The Real Job Creators

August 16, 2011

The national budget and how to resolve our deficit and debt issues is certainly on the minds on many Americans especially after the debt ceiling debacle. We heard the merits of cuts versus revenue. One talking point that arose repeatedly was the need to avoid raising taxes on the wealthy to protect the “job creators”.

It is a powerful talking point. However, when you look beyond the surface it is easy to see that this premise is complete propaganda. Those using it want working and middle class Americans to be scared. The unspoken, underlying message is that we better keep our mouths shut about raising taxes on the wealthy or we might be out of a job.

Not all wealthy individuals create jobs

The first thing that is important to recognize in debunking this myth is that not everyone in the top income tax bracket can create jobs. There are individuals who simply earn extremely large salaries but do not own businesses. Some examples include high level university administrators at prominent institutions, athletic coaches for NCAA or professional teams, high level corporate executives (i.e., Vice Presidents), financial executives, and hedge fund managers just to name a few.

Typical small business owner salaries

The top income tax bracket begins with taxable individual income of $379,151 per year. However, the vast majority of small business owners do not make a salary that is even close to this amount. According to the Center on Budget and Policy Priorities, less than 2 percent of small business owners make over $250,000 per year. Many studies suggest that most small business owners make between $25,000 and $100,000 per year. Newer business tend to produce owner salaries levels in the lower portion of the range. Businesses that have been operating long-term (i.e., 10 years or more) may yield slightly greater owner salaries in the lower $100,000s. Given these facts, it is easy to see that a slight increase in the top tax rate is unlikely to affect many small business owners despite the fact that many politicians cite the impact on small business as the primary reason we can’t raise taxes on the wealthy.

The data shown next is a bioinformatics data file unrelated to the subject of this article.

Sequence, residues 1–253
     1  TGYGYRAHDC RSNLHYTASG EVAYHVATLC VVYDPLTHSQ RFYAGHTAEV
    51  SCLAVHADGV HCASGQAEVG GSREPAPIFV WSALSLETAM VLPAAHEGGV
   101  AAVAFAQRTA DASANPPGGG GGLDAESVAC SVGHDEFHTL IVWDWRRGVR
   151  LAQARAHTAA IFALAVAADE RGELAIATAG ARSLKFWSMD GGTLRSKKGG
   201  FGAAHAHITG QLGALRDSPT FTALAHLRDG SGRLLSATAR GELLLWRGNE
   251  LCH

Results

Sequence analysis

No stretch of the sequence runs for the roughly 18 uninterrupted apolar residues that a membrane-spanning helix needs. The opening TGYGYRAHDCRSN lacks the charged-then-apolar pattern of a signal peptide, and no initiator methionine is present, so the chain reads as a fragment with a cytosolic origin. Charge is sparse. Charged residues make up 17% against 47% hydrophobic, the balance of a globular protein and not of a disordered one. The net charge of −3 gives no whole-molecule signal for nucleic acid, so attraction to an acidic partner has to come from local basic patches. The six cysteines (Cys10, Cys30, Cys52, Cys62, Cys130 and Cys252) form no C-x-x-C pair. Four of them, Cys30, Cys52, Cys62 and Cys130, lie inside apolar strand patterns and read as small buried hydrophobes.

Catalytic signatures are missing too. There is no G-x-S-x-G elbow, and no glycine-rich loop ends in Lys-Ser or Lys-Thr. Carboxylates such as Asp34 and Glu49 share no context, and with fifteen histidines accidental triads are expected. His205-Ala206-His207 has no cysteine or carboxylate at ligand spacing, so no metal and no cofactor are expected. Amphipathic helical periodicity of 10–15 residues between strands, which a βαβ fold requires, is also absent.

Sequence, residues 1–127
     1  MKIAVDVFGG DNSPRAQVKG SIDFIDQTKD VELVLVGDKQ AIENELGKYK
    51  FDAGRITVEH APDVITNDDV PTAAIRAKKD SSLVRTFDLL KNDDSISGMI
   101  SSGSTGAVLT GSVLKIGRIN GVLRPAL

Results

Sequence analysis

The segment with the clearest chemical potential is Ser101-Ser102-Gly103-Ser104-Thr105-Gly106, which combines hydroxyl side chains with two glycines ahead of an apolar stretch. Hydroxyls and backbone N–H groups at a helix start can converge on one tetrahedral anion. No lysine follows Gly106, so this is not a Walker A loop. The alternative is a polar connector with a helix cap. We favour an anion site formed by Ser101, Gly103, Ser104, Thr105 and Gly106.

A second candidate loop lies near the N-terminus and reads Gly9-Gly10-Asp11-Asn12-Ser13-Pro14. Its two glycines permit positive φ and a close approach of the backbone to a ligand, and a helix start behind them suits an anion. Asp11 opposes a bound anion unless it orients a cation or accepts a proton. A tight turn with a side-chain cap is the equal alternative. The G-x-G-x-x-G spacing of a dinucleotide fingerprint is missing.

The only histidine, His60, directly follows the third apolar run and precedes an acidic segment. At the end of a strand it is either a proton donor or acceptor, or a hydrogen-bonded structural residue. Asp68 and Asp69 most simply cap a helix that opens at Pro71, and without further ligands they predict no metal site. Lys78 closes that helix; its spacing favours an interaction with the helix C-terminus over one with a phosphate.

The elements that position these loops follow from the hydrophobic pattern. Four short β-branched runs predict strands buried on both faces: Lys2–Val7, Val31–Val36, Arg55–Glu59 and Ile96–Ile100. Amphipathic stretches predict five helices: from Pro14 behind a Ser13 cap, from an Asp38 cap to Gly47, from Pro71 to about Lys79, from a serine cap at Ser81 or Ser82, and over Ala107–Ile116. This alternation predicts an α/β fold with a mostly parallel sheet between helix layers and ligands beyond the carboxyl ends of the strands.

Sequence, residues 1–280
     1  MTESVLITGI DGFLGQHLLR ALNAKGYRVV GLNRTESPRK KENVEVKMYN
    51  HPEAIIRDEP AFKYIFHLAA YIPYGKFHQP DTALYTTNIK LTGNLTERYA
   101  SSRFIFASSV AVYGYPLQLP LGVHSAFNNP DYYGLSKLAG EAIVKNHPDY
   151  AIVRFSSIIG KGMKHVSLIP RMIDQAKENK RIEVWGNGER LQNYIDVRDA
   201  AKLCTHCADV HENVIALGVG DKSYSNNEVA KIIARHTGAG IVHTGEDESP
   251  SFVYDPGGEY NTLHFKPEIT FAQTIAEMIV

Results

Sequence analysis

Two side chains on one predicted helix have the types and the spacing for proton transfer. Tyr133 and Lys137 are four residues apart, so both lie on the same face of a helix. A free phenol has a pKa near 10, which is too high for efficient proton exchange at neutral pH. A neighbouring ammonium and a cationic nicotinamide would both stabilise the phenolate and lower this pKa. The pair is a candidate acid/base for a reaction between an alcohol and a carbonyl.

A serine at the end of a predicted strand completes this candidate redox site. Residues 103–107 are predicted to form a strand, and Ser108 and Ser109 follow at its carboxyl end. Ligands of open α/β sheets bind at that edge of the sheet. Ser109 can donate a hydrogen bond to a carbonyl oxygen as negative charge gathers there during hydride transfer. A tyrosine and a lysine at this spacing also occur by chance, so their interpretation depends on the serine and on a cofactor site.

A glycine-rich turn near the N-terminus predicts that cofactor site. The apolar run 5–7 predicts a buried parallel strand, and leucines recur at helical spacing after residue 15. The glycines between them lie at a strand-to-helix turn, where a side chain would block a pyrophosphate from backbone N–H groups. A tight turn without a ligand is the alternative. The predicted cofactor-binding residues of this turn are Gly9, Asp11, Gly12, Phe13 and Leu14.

Reality check: The actual impact on small business owners

For the sake of argument, let’s accept the premise that we are dealing with a small business owner making a salary that falls in the top tax bracket. In 2011, those with individual earned income above $379,151 have that portion of their income taxed at the highest 35% rate. If an unusually successful small business owner (who is married with two children) has a individual taxable income of $450,000 per year, that individual currently has a monthly take home pay of approximately $23,114.

If we were to raise the tax rate on this individual’s income over $379,151 to 39.6% (which was the top tax rate the last time we had a balanced budget during the Clinton administration), this business owner would have a monthly take home pay of roughly $22,842. This is a difference of only $272 per month.

These kinds of tax increases are often described by the opposition as “overwhelming” and the implication is that someone might lose their job if we raise the top rate slightly. But when you look at the actual numbers, the argument is completely ridiculous and without merit. It is almost unimaginable that this business owner could not make ends meet on $22,842 a month and would need to fire some poor soul to recover the extra $272. This amount of monthly income is almost exactly the same as the total yearly take home pay for a single person making $30,000. Frankly, if someone can’t make ends meet on $22,842 monthly, then THEY have a spending problem and not a revenue problem.